The Duke and Duchess of Cambridge were welcomed today to Yellowknife, the capital of the Northwest Territories, with a traditional Native Canadian drumming performance by the Dene tribe.
The couple left Prince Edward Island, Canada's smallest province, late Monday afternoon, and ended the day by flying seven hours west. Thousands of the capital's 19,000 people greeted them as they landed at the Somba K'e Civic Plaza.
Kate wore a light-beige, knee-length cinched dress, and William wore a dark suit. The couple is expected to compete in a hockey game against each other later today and will tour the region before flying to Calgary on Wednesday.
While most of the royal tour has been highly scripted, with each handshake and moment planned down to the finest detail, some warm moments between the charming couple have made headlines throughout their trip through North America.
A brief embrace between Prince William and his new bride caused a stir among the crowds of people attending the royal events. It didn't seem like much, but for members of the British royal family, it was an unusual display of public affection.
"There's an old way of doing things, but William is going to do things his own way," said Arthur Edwards, the royal photographer for Britain's Sun newspapers.
The royal squeeze came moments after Prince William and Kate went head-to-head in a dragon boat race Monday on Dalvay Lake on Prince Edward Island. It initially looked as though Kate's team might win, but William's crossed the finish line first.
Some of the people in the crowd seemed disappointed. Throughout the first five days of the trip, the cameras have been focused almost entirely on Kate, 29. What she wears seems to make bigger news than anything William says.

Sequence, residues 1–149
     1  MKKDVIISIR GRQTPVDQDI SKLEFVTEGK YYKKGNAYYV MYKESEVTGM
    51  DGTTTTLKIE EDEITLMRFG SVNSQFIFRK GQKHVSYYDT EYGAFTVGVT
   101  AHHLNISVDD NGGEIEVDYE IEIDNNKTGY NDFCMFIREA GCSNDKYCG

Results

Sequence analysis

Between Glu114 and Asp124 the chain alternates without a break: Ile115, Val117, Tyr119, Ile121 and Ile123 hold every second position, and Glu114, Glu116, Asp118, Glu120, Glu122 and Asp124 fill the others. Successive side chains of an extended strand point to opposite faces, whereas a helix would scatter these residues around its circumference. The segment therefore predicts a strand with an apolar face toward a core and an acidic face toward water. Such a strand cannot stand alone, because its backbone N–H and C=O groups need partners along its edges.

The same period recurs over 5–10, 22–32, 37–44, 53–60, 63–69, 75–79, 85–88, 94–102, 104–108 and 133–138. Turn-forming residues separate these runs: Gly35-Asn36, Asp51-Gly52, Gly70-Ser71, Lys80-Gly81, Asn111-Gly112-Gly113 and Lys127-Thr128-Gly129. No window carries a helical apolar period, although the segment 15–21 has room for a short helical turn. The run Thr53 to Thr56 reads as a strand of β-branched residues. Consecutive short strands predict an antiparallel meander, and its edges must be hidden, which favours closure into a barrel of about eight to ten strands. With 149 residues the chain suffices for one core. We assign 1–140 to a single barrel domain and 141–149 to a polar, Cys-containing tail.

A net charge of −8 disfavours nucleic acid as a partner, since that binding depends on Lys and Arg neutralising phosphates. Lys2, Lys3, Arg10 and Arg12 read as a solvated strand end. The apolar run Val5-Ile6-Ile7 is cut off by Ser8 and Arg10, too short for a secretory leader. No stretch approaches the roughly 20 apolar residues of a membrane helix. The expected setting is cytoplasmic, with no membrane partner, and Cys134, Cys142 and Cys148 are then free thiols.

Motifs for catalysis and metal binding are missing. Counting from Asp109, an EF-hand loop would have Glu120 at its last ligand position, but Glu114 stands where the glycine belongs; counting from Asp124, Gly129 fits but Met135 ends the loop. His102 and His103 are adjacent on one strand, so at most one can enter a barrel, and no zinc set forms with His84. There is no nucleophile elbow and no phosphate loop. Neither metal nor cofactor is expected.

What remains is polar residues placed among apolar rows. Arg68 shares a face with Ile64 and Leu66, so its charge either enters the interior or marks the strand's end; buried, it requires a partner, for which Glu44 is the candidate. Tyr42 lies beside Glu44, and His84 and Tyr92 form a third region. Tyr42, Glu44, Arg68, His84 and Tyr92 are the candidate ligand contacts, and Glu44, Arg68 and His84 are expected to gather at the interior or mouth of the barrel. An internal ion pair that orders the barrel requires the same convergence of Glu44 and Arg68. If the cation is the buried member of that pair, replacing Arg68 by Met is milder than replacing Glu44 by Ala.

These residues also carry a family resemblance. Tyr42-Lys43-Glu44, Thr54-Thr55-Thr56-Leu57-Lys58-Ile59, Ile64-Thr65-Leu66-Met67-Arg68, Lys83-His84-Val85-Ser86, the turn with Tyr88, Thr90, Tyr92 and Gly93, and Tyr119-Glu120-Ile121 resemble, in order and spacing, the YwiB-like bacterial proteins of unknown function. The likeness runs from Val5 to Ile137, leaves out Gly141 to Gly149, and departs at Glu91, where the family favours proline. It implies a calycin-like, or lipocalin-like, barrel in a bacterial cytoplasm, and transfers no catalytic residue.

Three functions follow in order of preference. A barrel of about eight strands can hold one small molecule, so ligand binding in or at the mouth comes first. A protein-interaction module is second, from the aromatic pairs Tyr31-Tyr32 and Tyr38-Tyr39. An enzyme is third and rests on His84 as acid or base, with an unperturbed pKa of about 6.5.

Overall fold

The duchess began the day Monday in a cream dress by Sarah Burton -- who designed Kate's iconic wedding dress -- for the fashion house of Alexander McQueen, and donned skinny black jeans and a fleece pullover later in the day on the waterfront where Prince William, 29, seemed to command some attention of his own.
In a display of his piloting skills, the prince landed a Canadian Sea King helicopter on the lake more than a dozen times.
The royal couple is on the sixth day of a nine-day trip through Canada, its first official overseas trip since getting married in April.
The duke and duchess have charmed the thousands of people who have gathered at each of the planned events throughout the trip. The two have been shaken hands, stopped to speak with local residents and accepted flowers from young well-wishers.
They leave Canada Friday for a three-day trip to California.